Saskatoon is the new crime capital of Canada, according to the latest Crime Severity Index (CSI) from the Canadian Centre for Justice Statistics.
The 2017 numbers show the Bridge City’s CSI and crime rate did decline from 2016 to 2017, but Saskatchewan’s largest city still took over the worst spot on the rankings because of a larger decline in Regina — the city rated worst in 2016.
The Crime Severity Index is determined through a weighted system based on convictions and the length of sentences.
Saskatoon’s CSI decreased one point between 2016 and 2017 to 115, while Regina’s fell from 123 to 111.9.
The numbers come as no surprise to Saskatoon police chief Troy Cooper.
“It really reflected what we already knew,” he told reporters Monday afternoon.
“We do know from our own experience that those issues around drugs, addiction-fuelled offending is our challenge here.”
He noted “it’s not an honour,” to be in the top spot of the CSI rankings nationwide, and the police service will continue to work at reducing the factors leading to crime in Saskatoon.
Cooper said the first step is to recognize the root causes of offending.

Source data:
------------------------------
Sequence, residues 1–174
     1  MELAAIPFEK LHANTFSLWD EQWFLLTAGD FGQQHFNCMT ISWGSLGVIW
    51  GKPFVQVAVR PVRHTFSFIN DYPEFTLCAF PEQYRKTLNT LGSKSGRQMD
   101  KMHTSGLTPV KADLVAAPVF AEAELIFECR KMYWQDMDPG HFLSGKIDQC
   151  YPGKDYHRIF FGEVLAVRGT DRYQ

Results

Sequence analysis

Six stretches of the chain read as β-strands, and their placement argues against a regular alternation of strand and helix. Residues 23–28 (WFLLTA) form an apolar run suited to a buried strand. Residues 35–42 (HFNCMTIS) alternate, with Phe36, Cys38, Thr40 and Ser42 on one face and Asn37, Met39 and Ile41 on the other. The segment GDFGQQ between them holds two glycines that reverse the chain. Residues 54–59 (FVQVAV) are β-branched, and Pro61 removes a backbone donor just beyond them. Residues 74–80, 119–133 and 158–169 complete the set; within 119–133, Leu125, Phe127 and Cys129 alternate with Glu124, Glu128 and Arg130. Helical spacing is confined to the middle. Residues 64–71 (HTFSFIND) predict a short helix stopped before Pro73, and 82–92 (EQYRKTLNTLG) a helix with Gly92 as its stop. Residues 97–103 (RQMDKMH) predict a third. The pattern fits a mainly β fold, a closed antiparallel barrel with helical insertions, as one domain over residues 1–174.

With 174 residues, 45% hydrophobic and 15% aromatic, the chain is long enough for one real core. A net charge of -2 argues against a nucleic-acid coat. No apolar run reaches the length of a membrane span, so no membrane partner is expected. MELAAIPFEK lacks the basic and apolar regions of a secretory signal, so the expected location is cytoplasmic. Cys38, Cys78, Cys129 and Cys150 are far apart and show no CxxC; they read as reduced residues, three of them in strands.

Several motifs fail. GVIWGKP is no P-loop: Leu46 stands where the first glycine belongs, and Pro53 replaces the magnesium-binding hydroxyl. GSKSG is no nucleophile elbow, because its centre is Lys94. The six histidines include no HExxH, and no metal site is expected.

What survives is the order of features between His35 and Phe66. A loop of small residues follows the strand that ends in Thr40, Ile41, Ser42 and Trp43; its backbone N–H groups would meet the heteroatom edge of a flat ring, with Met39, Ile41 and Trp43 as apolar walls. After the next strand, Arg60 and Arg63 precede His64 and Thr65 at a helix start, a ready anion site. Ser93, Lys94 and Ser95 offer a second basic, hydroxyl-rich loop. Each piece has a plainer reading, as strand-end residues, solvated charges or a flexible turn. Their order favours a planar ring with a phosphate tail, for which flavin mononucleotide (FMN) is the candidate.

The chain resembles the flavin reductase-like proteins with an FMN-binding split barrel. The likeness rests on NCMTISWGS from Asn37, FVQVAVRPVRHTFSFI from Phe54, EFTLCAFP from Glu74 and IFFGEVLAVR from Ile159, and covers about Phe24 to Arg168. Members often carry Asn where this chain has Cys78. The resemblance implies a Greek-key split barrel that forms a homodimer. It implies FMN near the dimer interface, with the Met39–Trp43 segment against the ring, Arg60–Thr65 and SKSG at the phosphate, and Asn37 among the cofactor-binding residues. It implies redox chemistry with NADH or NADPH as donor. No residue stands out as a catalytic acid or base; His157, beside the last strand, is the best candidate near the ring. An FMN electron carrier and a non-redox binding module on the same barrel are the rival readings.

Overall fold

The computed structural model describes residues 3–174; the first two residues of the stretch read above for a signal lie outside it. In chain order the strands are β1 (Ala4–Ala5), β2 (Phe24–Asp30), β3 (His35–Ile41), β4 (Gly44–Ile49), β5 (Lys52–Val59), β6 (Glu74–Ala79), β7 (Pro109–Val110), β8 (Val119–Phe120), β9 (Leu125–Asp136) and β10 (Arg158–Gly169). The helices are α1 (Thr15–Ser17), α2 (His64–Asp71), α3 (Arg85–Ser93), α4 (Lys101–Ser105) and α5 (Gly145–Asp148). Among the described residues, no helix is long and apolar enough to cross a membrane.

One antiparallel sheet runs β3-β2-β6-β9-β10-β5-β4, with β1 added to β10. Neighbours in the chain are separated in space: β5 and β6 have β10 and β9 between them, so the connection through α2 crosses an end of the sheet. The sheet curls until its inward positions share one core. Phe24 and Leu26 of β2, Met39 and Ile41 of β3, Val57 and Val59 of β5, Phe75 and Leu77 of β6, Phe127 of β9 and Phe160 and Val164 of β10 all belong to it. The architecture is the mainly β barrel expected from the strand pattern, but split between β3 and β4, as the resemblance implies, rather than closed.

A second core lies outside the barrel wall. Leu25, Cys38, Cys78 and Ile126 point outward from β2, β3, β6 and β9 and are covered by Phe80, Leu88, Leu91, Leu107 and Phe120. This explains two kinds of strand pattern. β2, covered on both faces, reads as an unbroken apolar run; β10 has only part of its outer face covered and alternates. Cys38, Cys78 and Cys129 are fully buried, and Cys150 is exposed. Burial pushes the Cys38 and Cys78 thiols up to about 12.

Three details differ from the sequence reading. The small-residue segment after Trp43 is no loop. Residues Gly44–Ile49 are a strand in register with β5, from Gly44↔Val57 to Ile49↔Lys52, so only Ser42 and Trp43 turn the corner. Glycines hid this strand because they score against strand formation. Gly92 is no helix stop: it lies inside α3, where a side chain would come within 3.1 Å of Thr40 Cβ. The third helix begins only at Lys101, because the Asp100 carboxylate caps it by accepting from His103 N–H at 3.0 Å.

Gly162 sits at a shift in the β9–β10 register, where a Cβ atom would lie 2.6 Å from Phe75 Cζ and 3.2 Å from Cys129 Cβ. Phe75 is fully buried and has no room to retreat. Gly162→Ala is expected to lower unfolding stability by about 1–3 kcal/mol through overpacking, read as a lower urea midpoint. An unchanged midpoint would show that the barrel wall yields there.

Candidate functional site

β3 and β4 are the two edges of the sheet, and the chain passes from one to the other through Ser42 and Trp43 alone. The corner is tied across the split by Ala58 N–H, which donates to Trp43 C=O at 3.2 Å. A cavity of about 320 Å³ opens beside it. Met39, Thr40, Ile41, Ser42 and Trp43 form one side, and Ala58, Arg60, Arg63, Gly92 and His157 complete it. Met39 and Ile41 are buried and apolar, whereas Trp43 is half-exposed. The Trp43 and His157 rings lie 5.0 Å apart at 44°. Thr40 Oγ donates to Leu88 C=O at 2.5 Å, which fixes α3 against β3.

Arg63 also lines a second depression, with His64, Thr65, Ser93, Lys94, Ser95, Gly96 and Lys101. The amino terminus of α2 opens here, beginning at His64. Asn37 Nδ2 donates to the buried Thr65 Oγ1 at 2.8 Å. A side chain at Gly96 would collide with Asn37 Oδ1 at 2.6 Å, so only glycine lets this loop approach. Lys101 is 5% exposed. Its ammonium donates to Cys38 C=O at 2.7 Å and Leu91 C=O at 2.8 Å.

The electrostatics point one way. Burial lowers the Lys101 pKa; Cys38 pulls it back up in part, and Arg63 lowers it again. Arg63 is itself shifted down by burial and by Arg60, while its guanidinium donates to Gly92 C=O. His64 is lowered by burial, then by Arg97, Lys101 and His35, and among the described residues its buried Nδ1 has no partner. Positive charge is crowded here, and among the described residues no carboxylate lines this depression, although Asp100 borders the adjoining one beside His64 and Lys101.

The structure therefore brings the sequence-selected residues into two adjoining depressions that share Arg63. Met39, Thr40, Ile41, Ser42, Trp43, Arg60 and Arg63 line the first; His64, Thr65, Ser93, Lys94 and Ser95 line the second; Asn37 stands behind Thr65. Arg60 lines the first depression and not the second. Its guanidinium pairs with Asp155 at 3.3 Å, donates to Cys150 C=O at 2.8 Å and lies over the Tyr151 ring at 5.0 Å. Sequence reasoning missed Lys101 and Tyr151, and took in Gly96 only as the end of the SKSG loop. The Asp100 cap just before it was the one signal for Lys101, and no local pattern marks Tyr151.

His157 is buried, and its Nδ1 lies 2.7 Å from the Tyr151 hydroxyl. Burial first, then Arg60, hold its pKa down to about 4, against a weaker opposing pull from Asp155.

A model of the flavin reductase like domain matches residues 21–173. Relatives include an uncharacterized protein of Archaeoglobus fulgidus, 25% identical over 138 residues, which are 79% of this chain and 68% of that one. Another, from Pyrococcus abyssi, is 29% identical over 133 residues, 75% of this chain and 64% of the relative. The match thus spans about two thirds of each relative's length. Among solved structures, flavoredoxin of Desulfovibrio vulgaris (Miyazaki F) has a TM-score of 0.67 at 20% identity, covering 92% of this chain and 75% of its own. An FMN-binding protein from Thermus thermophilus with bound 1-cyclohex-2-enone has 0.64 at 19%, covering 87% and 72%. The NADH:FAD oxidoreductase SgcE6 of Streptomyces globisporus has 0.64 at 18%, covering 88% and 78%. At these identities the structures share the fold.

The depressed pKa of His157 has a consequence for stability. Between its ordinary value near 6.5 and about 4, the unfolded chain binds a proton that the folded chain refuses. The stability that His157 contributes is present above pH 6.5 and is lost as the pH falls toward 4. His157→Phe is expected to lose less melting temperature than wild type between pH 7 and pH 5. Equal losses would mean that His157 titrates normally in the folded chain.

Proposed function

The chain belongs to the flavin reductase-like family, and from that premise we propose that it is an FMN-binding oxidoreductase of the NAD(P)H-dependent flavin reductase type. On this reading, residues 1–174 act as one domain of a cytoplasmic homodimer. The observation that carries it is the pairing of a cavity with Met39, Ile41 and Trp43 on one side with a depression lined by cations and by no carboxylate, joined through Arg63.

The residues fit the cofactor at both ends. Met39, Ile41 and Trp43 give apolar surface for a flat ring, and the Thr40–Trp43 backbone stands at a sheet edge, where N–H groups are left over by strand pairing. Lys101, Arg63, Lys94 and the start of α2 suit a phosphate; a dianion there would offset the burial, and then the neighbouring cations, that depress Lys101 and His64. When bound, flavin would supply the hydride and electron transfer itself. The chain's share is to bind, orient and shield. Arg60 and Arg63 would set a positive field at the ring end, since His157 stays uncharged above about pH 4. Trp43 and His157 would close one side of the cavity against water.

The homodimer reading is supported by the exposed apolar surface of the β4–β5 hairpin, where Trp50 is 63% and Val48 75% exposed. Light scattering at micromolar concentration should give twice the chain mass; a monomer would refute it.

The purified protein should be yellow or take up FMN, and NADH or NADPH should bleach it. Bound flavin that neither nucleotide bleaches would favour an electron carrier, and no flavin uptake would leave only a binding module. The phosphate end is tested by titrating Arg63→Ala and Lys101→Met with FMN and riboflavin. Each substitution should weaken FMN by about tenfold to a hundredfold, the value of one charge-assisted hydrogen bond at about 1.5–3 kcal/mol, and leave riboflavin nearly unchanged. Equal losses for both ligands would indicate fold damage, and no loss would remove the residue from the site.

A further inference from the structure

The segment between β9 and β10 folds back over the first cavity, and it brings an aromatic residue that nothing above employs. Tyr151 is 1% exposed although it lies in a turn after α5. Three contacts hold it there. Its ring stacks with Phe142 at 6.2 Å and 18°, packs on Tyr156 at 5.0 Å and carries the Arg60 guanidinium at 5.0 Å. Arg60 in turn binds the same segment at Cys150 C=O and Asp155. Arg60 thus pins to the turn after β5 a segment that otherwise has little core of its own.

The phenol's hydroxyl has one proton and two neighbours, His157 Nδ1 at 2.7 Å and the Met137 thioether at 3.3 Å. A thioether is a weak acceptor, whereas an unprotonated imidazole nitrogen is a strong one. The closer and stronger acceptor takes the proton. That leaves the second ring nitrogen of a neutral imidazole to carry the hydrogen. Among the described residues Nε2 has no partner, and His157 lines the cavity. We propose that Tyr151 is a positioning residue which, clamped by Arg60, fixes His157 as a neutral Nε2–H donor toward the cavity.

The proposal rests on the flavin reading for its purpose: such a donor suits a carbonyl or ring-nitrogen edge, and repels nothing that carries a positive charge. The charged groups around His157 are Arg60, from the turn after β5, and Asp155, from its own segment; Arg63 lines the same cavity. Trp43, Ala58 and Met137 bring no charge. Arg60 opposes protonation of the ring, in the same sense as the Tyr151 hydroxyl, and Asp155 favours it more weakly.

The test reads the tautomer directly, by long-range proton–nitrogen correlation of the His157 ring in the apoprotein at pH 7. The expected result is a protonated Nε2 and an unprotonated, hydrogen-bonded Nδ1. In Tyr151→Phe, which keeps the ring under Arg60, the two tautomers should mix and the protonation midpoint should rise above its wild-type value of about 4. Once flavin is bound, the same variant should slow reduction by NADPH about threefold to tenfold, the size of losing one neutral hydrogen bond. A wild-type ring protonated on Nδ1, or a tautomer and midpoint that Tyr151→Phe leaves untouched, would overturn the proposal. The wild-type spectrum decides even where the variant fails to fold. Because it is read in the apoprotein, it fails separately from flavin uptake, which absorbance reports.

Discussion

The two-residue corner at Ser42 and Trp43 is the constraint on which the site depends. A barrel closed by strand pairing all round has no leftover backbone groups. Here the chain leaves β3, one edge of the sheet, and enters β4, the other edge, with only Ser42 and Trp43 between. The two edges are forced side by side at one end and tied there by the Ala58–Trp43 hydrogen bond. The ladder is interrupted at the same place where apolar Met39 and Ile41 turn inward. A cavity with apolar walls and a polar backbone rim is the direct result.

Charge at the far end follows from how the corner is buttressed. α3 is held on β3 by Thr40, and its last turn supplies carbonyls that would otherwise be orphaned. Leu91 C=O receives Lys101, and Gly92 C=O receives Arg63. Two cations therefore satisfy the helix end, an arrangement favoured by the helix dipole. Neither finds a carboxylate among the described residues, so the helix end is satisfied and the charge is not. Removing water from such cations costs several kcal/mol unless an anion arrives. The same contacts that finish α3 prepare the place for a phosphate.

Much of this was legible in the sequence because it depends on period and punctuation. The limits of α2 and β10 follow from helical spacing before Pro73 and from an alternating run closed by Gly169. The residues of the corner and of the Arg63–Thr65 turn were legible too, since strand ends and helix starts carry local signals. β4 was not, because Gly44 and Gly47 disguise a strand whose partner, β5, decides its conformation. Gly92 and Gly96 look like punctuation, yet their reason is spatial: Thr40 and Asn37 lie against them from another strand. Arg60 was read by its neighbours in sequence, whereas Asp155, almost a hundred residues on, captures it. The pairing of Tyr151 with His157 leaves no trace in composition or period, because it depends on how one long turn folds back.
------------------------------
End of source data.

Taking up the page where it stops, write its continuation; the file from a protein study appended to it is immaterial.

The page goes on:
“We know we have a demographic that’s easily victimized, we have issues around addictions and pockets of poverty,” he said.
“Where the police can play a role in some of those things is maybe restrict the access to illicit drugs, we have to work with families and do some preventative work.”
The good news for the city’s police was the overall crime rate in Saskatoon did decrease by about three per cent, according to the statistics.
The violent crime rate fell by 1.69 per cent, property crime fell by 3.63 per cent —after a rise of over seven per cent in 2016— and “other” criminal code violations barely changed with a decrease of 0.2 per cent.
When it came to provincial rankings, Saskatchewan continued to be ranked worst in crime severity with a CSI of 140.5 — a decrease of six points from 2016. The second-worst province was Manitoba, with a CSI of 118.1.
Rural crime did decrease overall according to RCMP, despite gun crime increasing by 71 per cent.